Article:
While examiners must perform some testing during each BSA/AML examination cycle, testing may focus on any one of the regulatory requirements and may address different areas of the BSA. It may not be necessary to test for every BSA regulation. It should be noted that not all of the examination and testing procedures included in the manual are likely to be applicable to every financial institution or during every examination.

Customer identification program

Testing in “customer identification program” will include new accounts opened since the most recent examination to review for compliance with the CIP. The sample should include a cross-section of accounts as indicated by the risk assessment (e.g., consumers and businesses, loans and deposits, credit card relationships, and accounts opened via U.S. mail and online). The sample should also, on a risk basis, include the following:

  • New accounts opened using the exception for customers that have applied for a taxpayer identification number (TIN)
  • New accounts opened using documentary methods and new accounts opened using non-documentary methods
  • New accounts identified by the institution as higher risk
  • New accounts opened with incomplete verification information, if applicable
  • New accounts opened by a third party as the bank’s agent (e.g., indirect loans), if applicable

Examiners will also review any identified instances of noncompliance with the CIP rule and any deviations from the CIP to determine effective controls are in place; however, in making this determination, examiners are directed to keep in mind that financial institutions might have limited instances of noncompliance with the CIP rule (such as isolated or technical violations) or minor deviations from the CIP and related processes that do not result in an inadequate CIP.  

Currency transaction reporting

Testing will determine whether the financial institution’s internal controls are designed to ensure ongoing compliance with currency transaction reporting (CTR) requirements and are commensurate with the financial institution’s size or complexity and organizational structure. This may include reviewing processes for overriding currency aggregation systems.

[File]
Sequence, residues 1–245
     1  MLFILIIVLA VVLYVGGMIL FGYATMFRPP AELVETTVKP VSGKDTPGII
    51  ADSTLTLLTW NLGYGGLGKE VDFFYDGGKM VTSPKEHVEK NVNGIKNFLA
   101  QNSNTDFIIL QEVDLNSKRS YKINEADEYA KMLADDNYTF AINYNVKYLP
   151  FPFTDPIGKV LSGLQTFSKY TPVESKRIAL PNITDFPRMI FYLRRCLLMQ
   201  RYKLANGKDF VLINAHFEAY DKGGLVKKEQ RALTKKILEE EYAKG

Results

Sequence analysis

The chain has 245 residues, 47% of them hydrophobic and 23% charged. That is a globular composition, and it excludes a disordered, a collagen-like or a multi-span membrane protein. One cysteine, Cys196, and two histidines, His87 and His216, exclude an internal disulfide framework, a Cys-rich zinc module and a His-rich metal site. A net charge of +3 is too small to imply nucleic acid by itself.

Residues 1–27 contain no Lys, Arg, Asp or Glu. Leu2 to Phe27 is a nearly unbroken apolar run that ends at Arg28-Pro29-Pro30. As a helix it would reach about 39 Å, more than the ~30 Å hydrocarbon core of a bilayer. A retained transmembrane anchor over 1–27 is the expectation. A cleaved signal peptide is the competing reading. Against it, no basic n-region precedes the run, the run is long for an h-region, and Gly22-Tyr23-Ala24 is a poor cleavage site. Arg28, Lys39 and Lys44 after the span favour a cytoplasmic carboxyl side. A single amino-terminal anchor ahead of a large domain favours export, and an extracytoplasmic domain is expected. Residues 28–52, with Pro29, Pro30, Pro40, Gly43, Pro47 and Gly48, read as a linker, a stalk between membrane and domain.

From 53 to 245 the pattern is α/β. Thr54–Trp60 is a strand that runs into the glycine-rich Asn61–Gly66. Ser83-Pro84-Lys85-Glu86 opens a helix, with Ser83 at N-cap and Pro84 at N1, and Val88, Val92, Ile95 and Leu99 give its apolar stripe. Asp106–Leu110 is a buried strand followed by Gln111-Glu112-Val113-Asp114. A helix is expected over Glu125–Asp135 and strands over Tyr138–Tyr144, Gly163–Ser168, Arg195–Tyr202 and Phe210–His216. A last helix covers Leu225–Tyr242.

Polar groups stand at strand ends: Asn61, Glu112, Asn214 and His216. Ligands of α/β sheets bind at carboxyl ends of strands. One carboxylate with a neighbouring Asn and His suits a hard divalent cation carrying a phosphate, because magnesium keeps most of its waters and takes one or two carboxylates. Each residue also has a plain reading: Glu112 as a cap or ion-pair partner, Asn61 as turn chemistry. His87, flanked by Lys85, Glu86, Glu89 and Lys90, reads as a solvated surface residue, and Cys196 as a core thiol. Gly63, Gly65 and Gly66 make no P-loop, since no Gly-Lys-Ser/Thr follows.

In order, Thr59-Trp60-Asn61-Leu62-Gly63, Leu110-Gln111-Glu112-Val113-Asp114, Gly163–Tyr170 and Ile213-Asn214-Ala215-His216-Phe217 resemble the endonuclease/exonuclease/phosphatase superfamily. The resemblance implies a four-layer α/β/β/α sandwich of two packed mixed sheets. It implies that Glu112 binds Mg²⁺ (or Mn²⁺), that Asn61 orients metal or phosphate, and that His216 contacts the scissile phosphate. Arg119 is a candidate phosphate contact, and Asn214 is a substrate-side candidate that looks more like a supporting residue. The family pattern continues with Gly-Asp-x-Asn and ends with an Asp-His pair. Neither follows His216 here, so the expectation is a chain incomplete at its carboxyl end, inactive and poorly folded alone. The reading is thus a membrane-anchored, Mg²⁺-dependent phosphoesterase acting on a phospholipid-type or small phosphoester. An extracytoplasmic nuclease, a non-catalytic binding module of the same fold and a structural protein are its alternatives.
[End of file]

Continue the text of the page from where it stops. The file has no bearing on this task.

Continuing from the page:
CTR form testing will evaluate the following:

  • Whether CTRs are filed in accordance with FinCEN instructions for currency transactions identified by the information technology systems
  • Whether CTRs are filed within 15 calendar days after the date of the transaction
  • Whether CTRs filed contain accurate and complete information
  • Whether management has taken corrective action when errors are identified
  • Whether discrepancies exist between CTR records and the CTRs reflected in the BSA reporting database

Transactions of exempt persons

Testing will validate whether procedures and processes are in place to ensure an entity qualifies for exemption, annual reviews are completed and appropriate documentation is retained. A sample of filed DOEP forms will be selected to determine whether:

  • The reports are filed in accordance with FinCEN instructions within 30 days of the first reportable transaction that the financial institution sought to exempt.
  • The customer is eligible for designation as exempt.
  • The financial institution maintains documentation to support that designated non-listed businesses do not receive more than 50 percent of gross revenue from ineligible business activities.

In addition, since the most recent update included content revisions only in these three areas, it would be safe to assume additional revisions will be forthcoming, which is good news for financial institutions because these revisions should offer further transparency into the examination process.

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Author(s)

Craig E. Johnson, CRCM, CMQCS
Manager